Building multi-modal Human Perception AI is an incredibly complex problem:

  • Multi-modal – Human emotions and cognitive states manifest in a variety of ways including your tone of voice and your face
  • Many expressions – Facial muscles generate hundreds of facial expressions of emotion, and speech has many different dimensions – from pitch and resonance to melody and voice quality
  • Highly nuanced – Expressions, cognitive states, and emotions can be very nuanced and subtle, like an eye twitch or your pause patterns when speaking
  • Temporal lapse – As emotions unfold over time algorithms need to measure moment-by-moment changes to accurately depict the emotional state
  • Non-deterministic – Changes in facial or vocal expressions, can have different meanings depending on the person’s context at that time
  • Beyond emotions – Facial and vocal analysis provides broader people analytics such as cognitive states and demographics
  • Massive data – Human Perception AI algorithms need to be trained with massive amounts of real-world data that is collected and annotated
  • Context – Emotion and expression metrics measured in education are different than those needed in automotive, mobile, or customer care

In addition to modeling these complexities, these Human Perception AI models need to run accurately, on-device, in real-time.  Heuristic rule-based systems where humans code for all possible patterns and scenarios are not possible. Machine Learning is a must.

Human Perception AI using Deep Learning

Human Perception AI using Deep Learning

Deep learning is an exciting new area of research within machine learning which allows artificial intelligence companies like Affectiva to model more complex problems with higher accuracy than other machine learning techniques. In addition, deep learning solves a variety of problems (classification, segmentation, temporal modeling) and allows for end-to-end learning of one or more complex tasks jointly. The specific tasks address include face detection and tracking, speaker diarization, voice-activity detection, and emotion classification from face and voice.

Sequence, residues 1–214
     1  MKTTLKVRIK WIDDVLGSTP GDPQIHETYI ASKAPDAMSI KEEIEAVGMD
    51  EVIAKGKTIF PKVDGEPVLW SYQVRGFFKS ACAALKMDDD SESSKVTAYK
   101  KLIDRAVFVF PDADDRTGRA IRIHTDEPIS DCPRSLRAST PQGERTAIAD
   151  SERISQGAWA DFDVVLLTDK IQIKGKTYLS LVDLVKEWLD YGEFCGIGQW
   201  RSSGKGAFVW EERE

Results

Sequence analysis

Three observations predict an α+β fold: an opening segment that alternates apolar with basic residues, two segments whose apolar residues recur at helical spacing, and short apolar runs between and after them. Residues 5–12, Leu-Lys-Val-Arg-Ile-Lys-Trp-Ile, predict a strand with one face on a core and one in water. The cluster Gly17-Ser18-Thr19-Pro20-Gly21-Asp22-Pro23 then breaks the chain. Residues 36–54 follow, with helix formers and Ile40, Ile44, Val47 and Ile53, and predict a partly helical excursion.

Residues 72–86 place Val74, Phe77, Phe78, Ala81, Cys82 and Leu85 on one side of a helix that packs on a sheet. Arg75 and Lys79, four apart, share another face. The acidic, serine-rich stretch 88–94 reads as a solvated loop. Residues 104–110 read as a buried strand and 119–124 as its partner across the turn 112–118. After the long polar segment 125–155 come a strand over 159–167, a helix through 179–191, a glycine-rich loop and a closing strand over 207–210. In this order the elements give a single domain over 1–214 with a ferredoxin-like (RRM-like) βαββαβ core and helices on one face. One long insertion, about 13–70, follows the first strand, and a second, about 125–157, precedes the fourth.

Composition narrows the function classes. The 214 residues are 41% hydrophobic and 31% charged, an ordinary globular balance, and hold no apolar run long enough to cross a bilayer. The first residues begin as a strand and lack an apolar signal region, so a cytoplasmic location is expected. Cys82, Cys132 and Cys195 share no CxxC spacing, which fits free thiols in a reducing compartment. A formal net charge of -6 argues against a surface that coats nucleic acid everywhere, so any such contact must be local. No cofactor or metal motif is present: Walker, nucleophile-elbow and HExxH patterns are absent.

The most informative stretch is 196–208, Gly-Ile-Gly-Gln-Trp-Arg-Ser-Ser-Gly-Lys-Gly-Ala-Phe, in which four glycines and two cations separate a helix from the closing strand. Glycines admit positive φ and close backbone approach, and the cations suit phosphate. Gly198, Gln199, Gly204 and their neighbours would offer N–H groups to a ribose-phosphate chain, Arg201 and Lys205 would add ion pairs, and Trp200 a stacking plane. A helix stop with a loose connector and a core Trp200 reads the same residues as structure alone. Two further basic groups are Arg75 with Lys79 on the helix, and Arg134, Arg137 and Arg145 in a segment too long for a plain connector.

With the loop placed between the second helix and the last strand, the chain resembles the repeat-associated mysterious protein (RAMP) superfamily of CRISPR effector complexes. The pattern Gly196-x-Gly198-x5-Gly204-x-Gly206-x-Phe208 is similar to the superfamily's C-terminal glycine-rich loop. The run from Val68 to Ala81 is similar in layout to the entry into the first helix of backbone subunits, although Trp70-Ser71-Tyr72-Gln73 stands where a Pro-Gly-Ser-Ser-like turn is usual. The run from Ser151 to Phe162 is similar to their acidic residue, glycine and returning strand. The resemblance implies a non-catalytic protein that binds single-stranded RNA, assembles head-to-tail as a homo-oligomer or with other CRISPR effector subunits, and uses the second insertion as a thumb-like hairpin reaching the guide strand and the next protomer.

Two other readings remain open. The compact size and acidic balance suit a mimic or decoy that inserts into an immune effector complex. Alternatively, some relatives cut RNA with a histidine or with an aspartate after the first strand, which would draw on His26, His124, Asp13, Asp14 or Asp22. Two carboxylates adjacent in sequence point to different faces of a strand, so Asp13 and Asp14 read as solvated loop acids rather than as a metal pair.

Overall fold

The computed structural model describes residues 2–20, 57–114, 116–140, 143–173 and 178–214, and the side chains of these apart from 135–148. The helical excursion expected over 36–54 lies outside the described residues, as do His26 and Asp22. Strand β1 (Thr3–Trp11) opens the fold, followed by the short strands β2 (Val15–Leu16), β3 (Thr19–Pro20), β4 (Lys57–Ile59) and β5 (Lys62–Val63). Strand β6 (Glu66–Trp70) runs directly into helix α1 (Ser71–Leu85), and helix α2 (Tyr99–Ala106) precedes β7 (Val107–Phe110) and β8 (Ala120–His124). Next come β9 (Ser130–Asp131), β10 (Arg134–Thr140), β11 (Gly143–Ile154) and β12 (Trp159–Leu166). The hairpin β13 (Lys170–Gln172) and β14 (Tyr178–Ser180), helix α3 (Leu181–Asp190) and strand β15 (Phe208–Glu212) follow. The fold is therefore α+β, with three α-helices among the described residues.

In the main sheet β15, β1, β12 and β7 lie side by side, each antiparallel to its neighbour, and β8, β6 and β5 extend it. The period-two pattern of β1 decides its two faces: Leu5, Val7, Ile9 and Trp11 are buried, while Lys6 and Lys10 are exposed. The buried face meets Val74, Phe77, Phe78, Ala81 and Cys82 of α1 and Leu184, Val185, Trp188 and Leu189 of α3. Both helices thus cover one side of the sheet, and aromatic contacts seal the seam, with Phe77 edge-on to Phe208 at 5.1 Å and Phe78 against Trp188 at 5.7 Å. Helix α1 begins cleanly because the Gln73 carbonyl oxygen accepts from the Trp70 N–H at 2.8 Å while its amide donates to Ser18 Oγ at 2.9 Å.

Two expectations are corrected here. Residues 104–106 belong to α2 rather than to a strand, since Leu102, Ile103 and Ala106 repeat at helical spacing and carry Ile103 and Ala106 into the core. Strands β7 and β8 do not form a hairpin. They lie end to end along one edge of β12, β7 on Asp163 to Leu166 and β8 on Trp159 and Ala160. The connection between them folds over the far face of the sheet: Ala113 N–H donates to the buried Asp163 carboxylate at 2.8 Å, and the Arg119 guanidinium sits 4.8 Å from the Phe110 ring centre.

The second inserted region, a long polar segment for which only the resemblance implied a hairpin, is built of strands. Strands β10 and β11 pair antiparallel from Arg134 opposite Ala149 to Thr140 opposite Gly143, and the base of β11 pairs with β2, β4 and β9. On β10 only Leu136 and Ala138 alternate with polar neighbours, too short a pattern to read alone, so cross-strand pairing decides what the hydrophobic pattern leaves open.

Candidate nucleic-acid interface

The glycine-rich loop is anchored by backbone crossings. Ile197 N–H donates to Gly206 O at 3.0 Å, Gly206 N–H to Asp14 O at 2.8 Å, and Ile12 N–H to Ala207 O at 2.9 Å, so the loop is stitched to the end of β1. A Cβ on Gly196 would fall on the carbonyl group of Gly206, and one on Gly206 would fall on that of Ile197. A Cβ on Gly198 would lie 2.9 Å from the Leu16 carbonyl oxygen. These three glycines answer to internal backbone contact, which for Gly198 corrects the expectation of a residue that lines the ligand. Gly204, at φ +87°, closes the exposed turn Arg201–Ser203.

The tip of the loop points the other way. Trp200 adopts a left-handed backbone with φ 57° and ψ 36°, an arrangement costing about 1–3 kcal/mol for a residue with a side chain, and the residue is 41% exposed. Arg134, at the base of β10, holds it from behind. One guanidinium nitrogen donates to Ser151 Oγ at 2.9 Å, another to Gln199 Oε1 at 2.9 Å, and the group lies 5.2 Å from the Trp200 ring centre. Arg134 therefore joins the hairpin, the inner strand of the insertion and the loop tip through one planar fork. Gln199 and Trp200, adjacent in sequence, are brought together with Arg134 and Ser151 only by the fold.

To solve these diverse tasks, we require a suite of deep learning architectures:

  • Convolutional Neural Networks (CNN)
    • Multi-task (multi-attribute) networks for both regression and classification
    • Region proposal networks
  • Recurrent Neural Networks (RNN)
    • Long Short-Term Memory (LSTM)
    • Deep Recurrent Non-Negative Matrix Refactorization (DR-NMF)
    • CNN + RNN nets

We don’t just use off the shelf network architectures, but focus our efforts on building custom layers and architectures designed for facialand vocal analysis tasks.

Deep Learning On-device

Deep learning models are typically very computationally expensive requiring large GPUs to compute results quickly. As a result, most deep learning models can only run as cloud based APIs, using specialized hardware.

In contrast, our deep learning models need to provide accurate, real time estimates of emotions on mobile devices. On-device performance requires exploring trade-offs between model complexity (memory, FLOPs) and model accuracy.

Our approach:

  • Joint-training with shared layers between models (multi-task learning)
  • Iterative benchmarking / profiling of on-device performance
  • Model compression: training compact models from larger models
We have built models that run 10,000x faster than VGG’16 for only a less than 1% reduction in accuracy


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